After sweeping Barcelona aside in their opening Champions League game, Bayern Munich want to live up their “top favourites” billing at home to Dynamo Kiev on Wednesday.
“We want to win the Champions League and we have a team with which we can do that,” winger Serge Gnabry said Tuesday ahead of the Group E game in Munich as Bayern seek to build on their 3-0 win at Barca.
“Game by game, we make sure that we don’t let up. We have a lot of fun playing and we want to keep it that way.”
At the weekend, France legend Robert Pires told magazine Kicker he sees Bayern as the “absolute top favourites” to win this season’s Champions League.
“I don’t see a better team in Europe than FC Bayern,” added the 47-year-old 1998 World Cup winner.
Bayern head coach Julian Nagelsmann acknowledged Pires’ remarks and said the Kiev game is an “important opportunity to confirm that we can be one of the favourites”.
The hosts are at near full strength with striker Robert Lewandowski looking to add to the two goals he scored in Barcelona.
French winger Kingsley Coman continues to recover for surgery for an irregular heartbeat and is the main absentee from the likely starting line-up.
Kiev have eight wins and a draw from nine Ukranian league games and were held to a goalless draw at home by Benfica in the Champions League, but lost 3-0 to Shakhtar Donetsk last week in the Ukranian Super Cup.
Nagelsmann insisted he has done his homework.
“I always claim to know everything about the opponent,” Nagelsmann stressed, “we’ve watched just as many games of Kiev as of Greuther Fuerth and Barcelona.”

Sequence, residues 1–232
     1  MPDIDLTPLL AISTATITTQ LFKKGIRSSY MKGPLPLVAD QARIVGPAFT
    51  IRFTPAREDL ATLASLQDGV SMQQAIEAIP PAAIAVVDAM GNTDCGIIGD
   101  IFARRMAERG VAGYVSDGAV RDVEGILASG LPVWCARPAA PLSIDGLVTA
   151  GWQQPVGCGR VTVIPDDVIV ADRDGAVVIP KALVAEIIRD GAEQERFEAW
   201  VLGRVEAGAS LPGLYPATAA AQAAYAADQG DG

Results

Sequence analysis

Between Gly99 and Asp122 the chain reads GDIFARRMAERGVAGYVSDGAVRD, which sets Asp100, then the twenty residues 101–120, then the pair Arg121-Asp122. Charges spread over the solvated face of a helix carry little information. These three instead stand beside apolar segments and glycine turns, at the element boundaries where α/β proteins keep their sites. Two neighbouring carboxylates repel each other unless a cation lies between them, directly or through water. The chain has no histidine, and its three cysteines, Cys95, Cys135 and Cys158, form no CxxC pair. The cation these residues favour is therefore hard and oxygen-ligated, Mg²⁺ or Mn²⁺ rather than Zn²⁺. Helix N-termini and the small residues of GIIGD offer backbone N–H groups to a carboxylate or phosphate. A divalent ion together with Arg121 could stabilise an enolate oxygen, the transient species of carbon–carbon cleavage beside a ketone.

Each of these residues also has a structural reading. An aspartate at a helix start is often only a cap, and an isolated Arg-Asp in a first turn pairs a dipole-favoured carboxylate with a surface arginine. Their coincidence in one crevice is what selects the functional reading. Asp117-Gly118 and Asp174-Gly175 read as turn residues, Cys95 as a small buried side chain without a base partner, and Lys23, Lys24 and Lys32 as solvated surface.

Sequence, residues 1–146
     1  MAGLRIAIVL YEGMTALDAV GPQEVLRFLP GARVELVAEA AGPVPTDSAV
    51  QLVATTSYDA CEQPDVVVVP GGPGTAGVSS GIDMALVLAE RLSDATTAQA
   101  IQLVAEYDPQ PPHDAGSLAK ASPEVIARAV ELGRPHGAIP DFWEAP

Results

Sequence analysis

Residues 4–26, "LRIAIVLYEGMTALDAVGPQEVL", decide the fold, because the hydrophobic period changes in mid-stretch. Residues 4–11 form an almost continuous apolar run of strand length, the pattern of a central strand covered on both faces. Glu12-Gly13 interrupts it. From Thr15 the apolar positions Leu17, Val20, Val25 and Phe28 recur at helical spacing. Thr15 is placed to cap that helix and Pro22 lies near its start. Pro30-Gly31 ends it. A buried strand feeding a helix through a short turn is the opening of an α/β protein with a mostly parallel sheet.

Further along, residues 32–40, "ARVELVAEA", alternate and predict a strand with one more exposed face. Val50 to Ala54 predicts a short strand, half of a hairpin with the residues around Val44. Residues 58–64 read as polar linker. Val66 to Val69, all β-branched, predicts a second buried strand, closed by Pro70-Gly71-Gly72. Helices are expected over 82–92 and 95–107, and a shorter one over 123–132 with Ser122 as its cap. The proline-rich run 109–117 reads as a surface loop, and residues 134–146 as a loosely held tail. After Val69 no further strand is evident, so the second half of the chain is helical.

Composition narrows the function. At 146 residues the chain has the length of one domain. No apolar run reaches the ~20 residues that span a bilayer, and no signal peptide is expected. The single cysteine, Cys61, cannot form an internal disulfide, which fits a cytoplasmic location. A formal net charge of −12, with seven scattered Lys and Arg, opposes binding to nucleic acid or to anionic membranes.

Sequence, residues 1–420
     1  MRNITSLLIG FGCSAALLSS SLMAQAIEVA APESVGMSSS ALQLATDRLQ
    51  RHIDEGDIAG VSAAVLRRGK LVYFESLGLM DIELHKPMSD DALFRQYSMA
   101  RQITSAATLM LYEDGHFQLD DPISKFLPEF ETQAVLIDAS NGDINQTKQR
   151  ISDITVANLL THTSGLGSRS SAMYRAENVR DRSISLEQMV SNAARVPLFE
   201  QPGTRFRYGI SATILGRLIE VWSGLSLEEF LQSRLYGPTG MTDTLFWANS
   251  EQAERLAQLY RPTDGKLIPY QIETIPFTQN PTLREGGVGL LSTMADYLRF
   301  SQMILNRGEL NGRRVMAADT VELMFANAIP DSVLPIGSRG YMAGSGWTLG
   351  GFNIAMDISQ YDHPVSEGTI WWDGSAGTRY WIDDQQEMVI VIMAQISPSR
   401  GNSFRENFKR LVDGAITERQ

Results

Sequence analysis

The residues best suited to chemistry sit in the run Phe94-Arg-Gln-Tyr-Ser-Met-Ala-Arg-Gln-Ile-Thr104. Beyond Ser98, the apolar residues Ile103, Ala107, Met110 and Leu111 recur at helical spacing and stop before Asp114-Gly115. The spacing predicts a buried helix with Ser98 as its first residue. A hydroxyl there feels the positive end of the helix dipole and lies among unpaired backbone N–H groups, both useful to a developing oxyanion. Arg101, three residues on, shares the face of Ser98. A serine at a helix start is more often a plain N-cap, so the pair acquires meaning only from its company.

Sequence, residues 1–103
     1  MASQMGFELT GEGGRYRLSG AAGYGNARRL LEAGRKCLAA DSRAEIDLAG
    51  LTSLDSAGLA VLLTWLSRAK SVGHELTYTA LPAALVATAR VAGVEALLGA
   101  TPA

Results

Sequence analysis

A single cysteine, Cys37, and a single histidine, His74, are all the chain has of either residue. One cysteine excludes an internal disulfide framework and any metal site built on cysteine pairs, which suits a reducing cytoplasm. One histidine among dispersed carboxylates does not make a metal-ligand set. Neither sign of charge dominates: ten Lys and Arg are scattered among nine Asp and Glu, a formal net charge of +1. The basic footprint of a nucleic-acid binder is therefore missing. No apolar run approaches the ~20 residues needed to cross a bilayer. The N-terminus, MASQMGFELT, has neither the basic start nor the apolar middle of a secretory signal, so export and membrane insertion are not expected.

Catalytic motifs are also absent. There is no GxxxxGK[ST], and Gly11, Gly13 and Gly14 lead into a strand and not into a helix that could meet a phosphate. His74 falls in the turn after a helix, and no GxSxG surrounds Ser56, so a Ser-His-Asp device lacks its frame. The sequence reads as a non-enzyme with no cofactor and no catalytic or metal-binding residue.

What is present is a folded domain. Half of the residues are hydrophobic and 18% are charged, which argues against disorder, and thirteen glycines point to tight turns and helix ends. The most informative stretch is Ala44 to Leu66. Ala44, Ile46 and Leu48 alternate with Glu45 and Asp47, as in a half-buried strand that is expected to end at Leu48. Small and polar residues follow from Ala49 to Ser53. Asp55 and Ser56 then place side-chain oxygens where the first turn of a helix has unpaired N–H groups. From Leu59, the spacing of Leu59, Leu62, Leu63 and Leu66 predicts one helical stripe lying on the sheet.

Bayern have chalked up 40 goals in winning their last eight games in all competitions, including a 7-0 drubbing of Bochum in the Bundesliga and 12-0 thrashing of fifth-tier minnows Bremer in the German Cup.
Nagelsmann embodied the “fun” atmosphere Gnabry mentioned by whizzing around the Saebener Strasse training ground on an electric-powered skateboard.
The 34-year-old then joined a group of playful senior players attempting to land shots through the open window of the physio’s first-floor office.
“Many see it critically when I mess around at the age of 34, but I want to radiate enthusiasm for the job,” Nagelsmann explained.
“I wanted to be a footballer and I did everything for it,” he added. A knee injury ended his playing career prematurely.
“I still like to play football, not on the level of my players, but on a manageable level with my assistant coaches.”